There’s no way to know for sure if someone is going to be transgender until at least puberty. Bruce Jenner told Diane Sawyer that his feelings of gender dypshoria started in childhood and “never, never ever went away.” Writer, trans activist and professor Jenny Boylan, wrote for the New York Times series on “The Quest for Transgender Equality” that “the feeling that I was somehow wired for the wrong body was never far from my conscious mind,” from the age of two or three. “I especially remember adolescence, when it was as if all the girls I knew had boarded a ship and sailed out to sea, and I was left on a dock alone, knowing that I had somehow been left behind."
5. What about the pronoun thing?
The basic rule is use the gender pronoun that people prefer. People usually prefer the pronoun of the gender they consider themselves to be, regardless of their anatomy or where they might be in their transition. The AP Stylebook has laid out the rules for reporters and the rest of us:
Use the pronoun preferred by the individuals who have acquired the physical characteristics of the opposite sex or present themselves in a way that does not correspond with their sex at birth. If that preference is not expressed, use the pronoun consistent with the way the individuals live publicly.
There is no need for the awkward he/she or s/he. Those can pretty much be abolished. Note that there are people who consider themselves gender fluid. They may be referred to by whatever pronoun they request on any given day. Some suggest using ”they” as a non-gender binary, third-person single pronoun.
Bruce Jenner made the somewhat unusual request to be referred to as “he,” for now, even while announcing being a woman. There’s only one response to that: Okay. Word is that Jenner will soon announce a new first name and a change in personal choice of pronouns.
6. Do all transgender people have surgery?
No. Every transition is different, and surgery is not the preferred route for everyone. Nor is it possible or affordable for all. Some transgender people are fine with the genitals they have. Others are not. For those who do have surgery, there is a recommended protocol involved, which involves living in the gender role the person wishes to transition to for at least 12 continuous months.
Obviously, sexual reassignment surgery is not a small thing, and the fact that trans people undergo it is a good indication that they are hardly doing this is an attention-getting grab, as some critics have claimed.
While it may be somewhat understandable to take a prurient interest in the genital aspect of the trans experience, it is, as Laverne Cox once schooled Katie Couric, rude to focus on it in an interview. That said, these procedures have come a remarkably long way. For instance, one transgender woman told me her new vagina would be, "sensate, mucosal and orgasmic."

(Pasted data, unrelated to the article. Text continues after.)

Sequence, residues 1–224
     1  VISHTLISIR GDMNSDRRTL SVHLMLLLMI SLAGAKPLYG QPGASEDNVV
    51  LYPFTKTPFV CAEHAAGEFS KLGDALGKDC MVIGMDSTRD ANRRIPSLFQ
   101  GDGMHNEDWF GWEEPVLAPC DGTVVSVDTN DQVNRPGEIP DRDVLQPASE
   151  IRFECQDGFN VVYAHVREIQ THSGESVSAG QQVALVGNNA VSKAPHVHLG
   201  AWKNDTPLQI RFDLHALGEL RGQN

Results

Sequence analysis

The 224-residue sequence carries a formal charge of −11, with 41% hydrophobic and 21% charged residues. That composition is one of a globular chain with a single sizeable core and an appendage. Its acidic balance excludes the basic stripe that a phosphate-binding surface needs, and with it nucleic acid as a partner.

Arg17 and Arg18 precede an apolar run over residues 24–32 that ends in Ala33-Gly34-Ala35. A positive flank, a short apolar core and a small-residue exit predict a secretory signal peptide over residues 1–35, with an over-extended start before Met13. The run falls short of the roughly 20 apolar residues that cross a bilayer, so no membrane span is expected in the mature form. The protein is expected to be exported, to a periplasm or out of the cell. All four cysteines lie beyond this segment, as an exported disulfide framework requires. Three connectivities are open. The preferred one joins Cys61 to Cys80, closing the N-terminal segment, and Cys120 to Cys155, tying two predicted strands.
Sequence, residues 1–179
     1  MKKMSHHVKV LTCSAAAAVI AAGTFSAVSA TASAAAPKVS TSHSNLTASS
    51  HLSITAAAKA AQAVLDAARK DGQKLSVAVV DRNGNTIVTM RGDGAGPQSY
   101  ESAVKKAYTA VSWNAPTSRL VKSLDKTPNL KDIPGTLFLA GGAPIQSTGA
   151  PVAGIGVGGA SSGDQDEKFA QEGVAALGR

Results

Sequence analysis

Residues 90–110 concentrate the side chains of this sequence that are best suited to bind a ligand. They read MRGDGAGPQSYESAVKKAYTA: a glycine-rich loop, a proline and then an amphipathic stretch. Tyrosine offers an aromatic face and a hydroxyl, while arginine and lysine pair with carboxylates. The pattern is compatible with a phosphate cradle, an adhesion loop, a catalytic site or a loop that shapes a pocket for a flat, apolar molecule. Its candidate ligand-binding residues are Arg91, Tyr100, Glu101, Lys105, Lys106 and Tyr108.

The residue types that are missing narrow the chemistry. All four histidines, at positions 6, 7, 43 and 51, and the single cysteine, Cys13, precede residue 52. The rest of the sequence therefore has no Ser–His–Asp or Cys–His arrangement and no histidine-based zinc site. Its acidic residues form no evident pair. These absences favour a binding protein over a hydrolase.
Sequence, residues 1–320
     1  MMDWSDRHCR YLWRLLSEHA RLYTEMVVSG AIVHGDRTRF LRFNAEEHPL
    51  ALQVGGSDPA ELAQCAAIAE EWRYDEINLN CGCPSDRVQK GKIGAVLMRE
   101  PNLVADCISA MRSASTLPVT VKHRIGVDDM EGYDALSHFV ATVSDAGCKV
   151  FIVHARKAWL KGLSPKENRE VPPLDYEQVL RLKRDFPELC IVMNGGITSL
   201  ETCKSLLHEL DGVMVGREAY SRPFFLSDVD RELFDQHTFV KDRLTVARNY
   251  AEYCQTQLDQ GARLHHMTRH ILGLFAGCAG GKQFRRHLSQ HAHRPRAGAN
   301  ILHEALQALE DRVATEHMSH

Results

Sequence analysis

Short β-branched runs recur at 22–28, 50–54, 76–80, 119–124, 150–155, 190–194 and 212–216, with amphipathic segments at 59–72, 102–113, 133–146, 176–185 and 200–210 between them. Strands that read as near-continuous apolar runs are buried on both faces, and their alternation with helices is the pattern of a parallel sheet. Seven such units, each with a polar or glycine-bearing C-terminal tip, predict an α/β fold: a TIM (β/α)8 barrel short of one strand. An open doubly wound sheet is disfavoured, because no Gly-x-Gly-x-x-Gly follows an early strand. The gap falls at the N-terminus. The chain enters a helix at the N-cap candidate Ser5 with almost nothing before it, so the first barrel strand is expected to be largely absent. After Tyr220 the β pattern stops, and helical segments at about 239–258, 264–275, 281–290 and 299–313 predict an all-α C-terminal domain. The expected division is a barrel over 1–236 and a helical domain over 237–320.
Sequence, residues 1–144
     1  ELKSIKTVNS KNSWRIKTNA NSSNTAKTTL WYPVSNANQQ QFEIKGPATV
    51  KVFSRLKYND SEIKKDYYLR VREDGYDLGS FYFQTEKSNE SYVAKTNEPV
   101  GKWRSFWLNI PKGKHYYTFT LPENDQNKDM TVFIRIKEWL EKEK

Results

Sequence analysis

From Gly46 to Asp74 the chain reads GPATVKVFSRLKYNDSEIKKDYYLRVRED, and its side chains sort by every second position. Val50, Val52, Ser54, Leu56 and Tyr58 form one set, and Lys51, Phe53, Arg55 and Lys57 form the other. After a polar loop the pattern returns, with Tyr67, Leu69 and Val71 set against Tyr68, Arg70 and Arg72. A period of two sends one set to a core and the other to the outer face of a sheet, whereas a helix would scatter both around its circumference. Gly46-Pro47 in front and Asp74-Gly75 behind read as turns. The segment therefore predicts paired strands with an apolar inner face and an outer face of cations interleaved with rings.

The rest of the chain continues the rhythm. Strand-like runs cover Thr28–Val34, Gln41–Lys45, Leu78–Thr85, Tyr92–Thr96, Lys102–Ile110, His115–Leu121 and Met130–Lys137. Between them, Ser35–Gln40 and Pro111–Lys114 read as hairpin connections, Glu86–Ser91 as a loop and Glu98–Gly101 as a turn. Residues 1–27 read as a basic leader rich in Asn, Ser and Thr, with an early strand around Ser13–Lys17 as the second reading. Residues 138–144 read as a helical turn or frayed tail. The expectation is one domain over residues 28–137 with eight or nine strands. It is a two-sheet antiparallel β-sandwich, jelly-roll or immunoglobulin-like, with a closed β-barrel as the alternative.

7. How many transgender people are lost to suicide and murder?
Things may be getting better, but there are still some horrific statistics associated with being trans. The rate of attempted suicides is a staggering 46 percent among trans men, and 42 percent among trans women, as compared to 4.6 percent in the general population.
Since Leelah Alcorn, the transgender teenager whose parents refused to accept her, killed herself in late December, eight more transgender youth have died by suicide. This sad statistic is attributed to society’s failure to accept transgender people, rather than the fact of being transgender. A whopping 57 percent of transgender people report family rejection.
Transgender people also face high rates of assault and murder. Last year, more than 200 trans people worldwide were murdered, according to statistics compiled by Transgender Europe, a number which is likely low. Transgender women of color face the highest rates of transphobic violence. Of the seven trans women murdered so far this year in the U.S., six were women of color. And that is just the murders.
8. Are transgender people protected by laws?
Not yet, and that is probably why transgender equality is being called the next civil rights frontier. Currently, 32 states have no law against firing people for being transgender. From ABCNews:
Only 18 states (California, Colorado, Connecticut, Delaware, Hawaii, Illinois, Iowa, Massachusetts, Maine, Maryland, Minnesota, New Jersey, New Mexico, Nevada, Oregon, Rhode Island, Vermont and Washington) and D.C. currently prohibit discrimination based on gender identity. And according to the Human Rights Campaign, while “nearly 91% of Fortune 500 companies include sexual orientation in their workplace policies” only “61 percent include gender identity.”
This year President Obama became the first U.S. president ever to use the word “transgender” in a speech, and he has signed an order prohibiting discrimination against the community for federal employees. There is more he could do, like direct the Pentagon to allow transgender people to serve openly in the military.
9. Can a transgender person be a Republican?
People have been asking this question since the Bruce Jenner interview, when he mentioned his conservative political persuasion on national TV. It’s a legitimate question, since the Republican Party is so deeply enmeshed with the religious right, which adamantly opposes equal rights for gay people and seems not likely to be more enlightened about trans people.
(Interesting aside: A recent ViceTV piece revealed that in Iran, it is more acceptable to be transgender than to be gay, since the late Ayatollah Khomeini ruled that the Koran is silent on the topic of being trans. This has lead to some horrors, like gay people being forced to undergo sexual reassignment to avoid being sentenced to death, but it does raise the question of whether the Bible is similarly silent on the subject.)
The reality is that transgender people, like all people, are all over the political spectrum. As Jenny Boylan, who was interviewed in the wake of the Jenner interview on NPR said, “Would I have preferred that President Obama and Ted Cruz had come out on the same day as transgender? Yes.” That would have settled the matter of politics once and for all.